• Capacitance: Q is the total charge stored on either plate of a capacitor, and ΔV is the potential difference between the plates. The ratio of Q to ΔV, for any capacitance, is defined as its capacitance.

• C = Q/ΔV

• The capacitance measures the capacity for holding charge.

• For a parallel-plate capacitor we get:

### Electric Field and Capacitors:

• The electric field E always points from the positive plate towards the negative plate, and the magnitude remains the same at every point between the plates.

• Uniform electric is approximately true because the electric field is constant everywhere only in an infinitely large sheet of charge which is quite impossible to construct.

• ΔV = Ed

### Fringing Fields:

• The plates of the capacitor are infinitely large.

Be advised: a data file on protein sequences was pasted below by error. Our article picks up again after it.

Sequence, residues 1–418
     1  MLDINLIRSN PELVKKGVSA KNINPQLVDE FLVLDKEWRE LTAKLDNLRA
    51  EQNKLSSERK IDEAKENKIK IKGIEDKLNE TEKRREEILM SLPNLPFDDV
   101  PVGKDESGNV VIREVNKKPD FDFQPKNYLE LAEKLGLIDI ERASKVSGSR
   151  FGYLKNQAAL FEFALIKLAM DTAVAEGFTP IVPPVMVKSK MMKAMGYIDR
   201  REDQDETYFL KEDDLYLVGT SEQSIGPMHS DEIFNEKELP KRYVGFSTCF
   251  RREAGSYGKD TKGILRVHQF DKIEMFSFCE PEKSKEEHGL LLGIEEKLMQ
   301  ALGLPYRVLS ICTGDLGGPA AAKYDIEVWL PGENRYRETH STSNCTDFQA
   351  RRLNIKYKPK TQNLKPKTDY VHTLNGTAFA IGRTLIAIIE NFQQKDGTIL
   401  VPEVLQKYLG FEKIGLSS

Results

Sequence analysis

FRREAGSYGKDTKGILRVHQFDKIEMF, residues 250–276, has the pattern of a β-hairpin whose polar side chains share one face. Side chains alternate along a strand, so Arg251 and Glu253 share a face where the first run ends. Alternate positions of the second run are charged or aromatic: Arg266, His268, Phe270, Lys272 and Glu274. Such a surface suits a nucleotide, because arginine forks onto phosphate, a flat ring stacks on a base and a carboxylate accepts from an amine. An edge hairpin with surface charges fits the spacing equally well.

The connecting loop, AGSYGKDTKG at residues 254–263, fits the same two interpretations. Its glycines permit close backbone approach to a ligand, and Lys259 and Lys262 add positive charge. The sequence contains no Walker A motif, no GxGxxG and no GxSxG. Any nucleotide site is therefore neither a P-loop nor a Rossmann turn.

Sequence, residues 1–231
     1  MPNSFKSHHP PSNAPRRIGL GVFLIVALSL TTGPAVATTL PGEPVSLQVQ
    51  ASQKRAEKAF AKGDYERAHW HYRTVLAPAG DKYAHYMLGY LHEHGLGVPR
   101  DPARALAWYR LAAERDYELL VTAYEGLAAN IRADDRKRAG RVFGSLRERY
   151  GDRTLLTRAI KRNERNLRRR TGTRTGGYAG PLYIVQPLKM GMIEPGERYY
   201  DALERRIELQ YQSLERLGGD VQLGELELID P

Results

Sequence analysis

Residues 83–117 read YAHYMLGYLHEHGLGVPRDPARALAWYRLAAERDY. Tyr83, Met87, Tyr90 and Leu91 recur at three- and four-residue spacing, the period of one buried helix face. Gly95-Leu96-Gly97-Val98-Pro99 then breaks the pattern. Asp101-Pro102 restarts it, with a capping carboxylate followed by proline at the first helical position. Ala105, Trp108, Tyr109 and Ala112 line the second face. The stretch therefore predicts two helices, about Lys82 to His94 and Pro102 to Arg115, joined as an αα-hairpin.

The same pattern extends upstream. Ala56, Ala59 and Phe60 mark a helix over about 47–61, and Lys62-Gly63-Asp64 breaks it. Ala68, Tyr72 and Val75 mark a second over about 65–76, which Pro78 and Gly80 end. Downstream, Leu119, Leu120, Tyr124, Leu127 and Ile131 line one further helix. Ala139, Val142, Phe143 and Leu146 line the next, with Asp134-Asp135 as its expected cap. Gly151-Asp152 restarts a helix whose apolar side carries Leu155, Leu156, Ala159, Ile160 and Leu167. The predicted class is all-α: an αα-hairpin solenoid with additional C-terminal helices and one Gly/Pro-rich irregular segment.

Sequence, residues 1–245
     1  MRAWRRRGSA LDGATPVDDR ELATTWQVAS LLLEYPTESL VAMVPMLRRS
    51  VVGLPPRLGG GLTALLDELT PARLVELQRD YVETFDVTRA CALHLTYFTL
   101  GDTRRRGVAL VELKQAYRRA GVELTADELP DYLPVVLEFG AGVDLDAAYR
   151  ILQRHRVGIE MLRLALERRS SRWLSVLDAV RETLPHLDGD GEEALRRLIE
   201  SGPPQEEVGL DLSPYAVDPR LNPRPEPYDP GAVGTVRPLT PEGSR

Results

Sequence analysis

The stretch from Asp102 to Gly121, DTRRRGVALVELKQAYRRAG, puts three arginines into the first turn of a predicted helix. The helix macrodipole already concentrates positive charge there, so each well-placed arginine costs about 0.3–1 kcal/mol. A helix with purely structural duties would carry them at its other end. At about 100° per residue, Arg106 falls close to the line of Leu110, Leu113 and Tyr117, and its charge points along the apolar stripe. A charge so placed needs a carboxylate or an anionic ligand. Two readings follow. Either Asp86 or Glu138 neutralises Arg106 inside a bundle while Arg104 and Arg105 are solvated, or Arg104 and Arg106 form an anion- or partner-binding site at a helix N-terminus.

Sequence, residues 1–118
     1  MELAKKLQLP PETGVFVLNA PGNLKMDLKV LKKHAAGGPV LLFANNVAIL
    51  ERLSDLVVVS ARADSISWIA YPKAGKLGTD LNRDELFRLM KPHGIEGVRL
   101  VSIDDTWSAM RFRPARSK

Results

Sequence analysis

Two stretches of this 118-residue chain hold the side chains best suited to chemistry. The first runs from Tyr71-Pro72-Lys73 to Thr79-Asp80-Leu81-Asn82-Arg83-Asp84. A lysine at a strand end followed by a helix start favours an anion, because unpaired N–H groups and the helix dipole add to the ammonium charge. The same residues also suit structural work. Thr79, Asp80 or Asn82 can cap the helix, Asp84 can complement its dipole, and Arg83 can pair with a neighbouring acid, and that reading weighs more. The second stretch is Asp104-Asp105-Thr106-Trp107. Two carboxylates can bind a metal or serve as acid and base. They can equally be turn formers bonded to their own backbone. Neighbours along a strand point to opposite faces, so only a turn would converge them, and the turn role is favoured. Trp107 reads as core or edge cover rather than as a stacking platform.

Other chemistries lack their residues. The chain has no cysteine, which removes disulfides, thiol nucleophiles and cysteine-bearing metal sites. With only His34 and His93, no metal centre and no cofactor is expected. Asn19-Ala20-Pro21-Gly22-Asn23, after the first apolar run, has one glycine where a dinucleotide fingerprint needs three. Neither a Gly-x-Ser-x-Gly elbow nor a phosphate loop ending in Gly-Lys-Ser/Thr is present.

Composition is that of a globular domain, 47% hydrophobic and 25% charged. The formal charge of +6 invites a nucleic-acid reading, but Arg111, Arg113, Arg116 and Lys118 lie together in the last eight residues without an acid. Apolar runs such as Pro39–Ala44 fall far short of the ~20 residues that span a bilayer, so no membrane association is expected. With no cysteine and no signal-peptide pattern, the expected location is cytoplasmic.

• Analysis is good near the center of the plates than the edges.

• For areas beyond the edges, we approximate the field as the sum of the capacitor field and a dipole formed by the charges at the edges of the p

### Energy stored in Capacitor:

• Example: A 10-nanofarad parallel-plate capacitor holds a charge of magnitude 50 μC on each plate. (a) What is the potential difference between the plates? (b) If the plates are separated by a distance of 0.2 mm, what is the area of each plate?

• Solution

a) From the definition, C = Q/ΔV, we find that

b) Because K = 1, we have the equation C = ε0A/d, and can calculate the area, A, of each plate:

### Capacitors and dielectric:

• To keep the plates of the capacitor apart they are filled with dielectric which increases the capacitance of the capacitor.

Note: Why can’t we use a conductor?

If a conductor is placed between the plates, the charges are no longer separated and the device is no longer a capacitor.